Reviews for One For The Vine Lyrics

Performed by Genesis

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One Loop for the Vine | Reviewer: RegularJoe | 1/29/08

Aside from the religious allegory in the song (whether Jesus, Mohamed, or any other deity you want to throw in), I see a loop in the story.
The unnamed one who's 'faith had died, Fled back up the mountainside' slips, falls, and vanishes (to external observers).
Next he's made the leader of the locals where he ends up because of his magical appearance (what else can this wizard do? he'll help us beat the bad guys, whomever they are.) although he never voices a claim to be a chosen one. Then some contemplative time, followed by leading his new followers on to battle.
Finally he sees a familiar shape flee up a mountain (as he did), trip and fall (as he did), and vanish (as he did).
I think he sees himself, in a loop. I mean, the final stanza all but spells it out:
Then, on a distant slope, (the slope he fled up)
He observed one without hope (himself, as described early in the song)
Flee back up the mountainside. (as he did)
He thought he recognised him by his walk, (think you could pick yourself out of a crowd? I know I could)
And by the way he fell, (sound familiar?)
And by the way he
Stood up, and vanished into air. (back to the beginning).
The whole story loops on itself. Fairly obvious. No particular religion required.
There's my 3 cents.



In Reference to One for the Vine | Reviewer: A. Neely | 12/17/07



This is clearly a song about the difficulty of inspired leadership -- especially if the leader thinks he is divinely inspired. While the story seems completely fictitious, it draws from a number of biblical themes -- deliberately, in my opinion.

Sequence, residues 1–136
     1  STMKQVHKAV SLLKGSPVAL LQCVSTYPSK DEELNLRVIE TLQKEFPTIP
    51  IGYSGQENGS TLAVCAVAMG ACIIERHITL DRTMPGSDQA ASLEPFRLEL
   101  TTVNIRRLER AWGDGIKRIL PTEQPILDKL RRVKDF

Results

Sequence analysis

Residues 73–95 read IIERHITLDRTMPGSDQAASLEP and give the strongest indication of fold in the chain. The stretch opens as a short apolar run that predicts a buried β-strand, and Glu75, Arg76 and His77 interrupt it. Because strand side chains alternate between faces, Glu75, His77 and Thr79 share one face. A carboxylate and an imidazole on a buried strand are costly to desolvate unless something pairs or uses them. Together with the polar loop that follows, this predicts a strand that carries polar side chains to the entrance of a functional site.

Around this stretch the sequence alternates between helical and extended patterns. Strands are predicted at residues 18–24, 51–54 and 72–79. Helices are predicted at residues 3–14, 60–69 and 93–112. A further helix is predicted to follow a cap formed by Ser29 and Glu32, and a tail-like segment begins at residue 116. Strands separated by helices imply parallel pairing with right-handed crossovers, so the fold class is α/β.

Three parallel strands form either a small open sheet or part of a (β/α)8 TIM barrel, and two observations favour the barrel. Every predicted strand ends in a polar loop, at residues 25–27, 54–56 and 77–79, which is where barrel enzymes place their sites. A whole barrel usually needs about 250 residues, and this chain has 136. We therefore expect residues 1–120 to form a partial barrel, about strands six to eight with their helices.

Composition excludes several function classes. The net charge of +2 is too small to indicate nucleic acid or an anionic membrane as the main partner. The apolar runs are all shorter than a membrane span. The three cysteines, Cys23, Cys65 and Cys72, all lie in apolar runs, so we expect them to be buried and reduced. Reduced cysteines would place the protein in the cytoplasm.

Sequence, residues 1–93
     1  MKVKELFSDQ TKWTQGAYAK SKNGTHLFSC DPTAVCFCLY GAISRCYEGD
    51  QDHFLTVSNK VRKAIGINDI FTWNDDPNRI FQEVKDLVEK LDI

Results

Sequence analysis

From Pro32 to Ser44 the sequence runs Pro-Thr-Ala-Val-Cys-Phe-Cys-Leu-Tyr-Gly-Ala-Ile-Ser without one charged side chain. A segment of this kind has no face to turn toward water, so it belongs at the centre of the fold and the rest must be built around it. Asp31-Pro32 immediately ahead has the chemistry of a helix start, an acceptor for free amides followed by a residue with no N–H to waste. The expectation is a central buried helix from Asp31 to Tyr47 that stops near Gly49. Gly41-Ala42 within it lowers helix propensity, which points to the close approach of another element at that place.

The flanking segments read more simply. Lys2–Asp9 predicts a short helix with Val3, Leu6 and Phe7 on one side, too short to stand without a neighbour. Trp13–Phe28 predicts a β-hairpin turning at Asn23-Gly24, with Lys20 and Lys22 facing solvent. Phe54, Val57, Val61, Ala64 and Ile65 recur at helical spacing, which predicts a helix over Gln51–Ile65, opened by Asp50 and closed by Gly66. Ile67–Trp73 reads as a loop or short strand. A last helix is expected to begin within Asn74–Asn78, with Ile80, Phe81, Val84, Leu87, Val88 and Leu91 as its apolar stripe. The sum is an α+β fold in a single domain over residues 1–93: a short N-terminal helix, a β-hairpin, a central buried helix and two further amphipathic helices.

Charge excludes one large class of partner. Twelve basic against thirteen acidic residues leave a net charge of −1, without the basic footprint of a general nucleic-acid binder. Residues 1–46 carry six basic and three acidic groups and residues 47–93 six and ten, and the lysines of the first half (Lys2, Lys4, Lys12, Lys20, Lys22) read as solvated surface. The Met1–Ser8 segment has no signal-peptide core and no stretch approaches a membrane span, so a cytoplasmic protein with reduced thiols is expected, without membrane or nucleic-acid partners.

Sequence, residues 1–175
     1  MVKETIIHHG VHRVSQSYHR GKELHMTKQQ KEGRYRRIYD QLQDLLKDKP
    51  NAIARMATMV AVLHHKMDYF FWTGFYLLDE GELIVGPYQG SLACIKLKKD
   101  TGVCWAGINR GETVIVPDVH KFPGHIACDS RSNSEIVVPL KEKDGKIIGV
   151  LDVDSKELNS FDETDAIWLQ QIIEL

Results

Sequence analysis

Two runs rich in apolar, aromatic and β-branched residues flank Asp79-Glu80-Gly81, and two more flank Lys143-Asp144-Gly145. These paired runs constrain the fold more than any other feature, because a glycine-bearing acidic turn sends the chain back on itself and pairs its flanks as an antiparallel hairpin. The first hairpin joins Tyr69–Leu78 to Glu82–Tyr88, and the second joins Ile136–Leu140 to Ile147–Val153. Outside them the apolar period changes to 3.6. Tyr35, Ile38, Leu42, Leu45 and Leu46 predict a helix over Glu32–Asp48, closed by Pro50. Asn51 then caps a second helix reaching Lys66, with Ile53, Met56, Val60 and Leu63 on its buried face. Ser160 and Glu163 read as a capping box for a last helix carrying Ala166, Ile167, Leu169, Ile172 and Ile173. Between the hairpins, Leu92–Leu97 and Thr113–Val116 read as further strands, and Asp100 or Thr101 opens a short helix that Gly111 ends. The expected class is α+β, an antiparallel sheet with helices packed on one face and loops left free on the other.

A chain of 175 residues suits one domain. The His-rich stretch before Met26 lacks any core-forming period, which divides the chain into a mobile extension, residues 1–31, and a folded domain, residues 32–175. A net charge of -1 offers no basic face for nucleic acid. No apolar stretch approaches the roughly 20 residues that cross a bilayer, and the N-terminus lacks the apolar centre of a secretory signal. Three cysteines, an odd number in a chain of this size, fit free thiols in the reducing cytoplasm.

A rebel is disenchanted with a religious/military leader who calls himself "the chosen one." The rebel breaks away from the 50,000 strong who follow him. But the rebel unwittingly falls into the same trap, and finds himself leading a group on a similar religious journey. In an effort to break free from the cycle of deceit, the rebel meditates alone and finds himself talking with "water" and "the vine."

He then rises up, apparently with new inspiration and direction, and leads the group to a plain he sees ahead. He surely hopes to find a successful resolution for himself and for the group there, probably through the establishment of a new, peaceful community.

But he is startled by the sight of another adventurer alone on a mountainside like he was. This individual also stumbles, as he did; but then he stands up, and -- the narrator tells us -- "vanished into air."

I have no doubt this final figure symbolizes Jesus, the ultimate Rebel Messiah. According to the Bible, on several occasions Jesus was in a physical location, then vanished from sight in an instant (eg. Luke 24, Acts 1).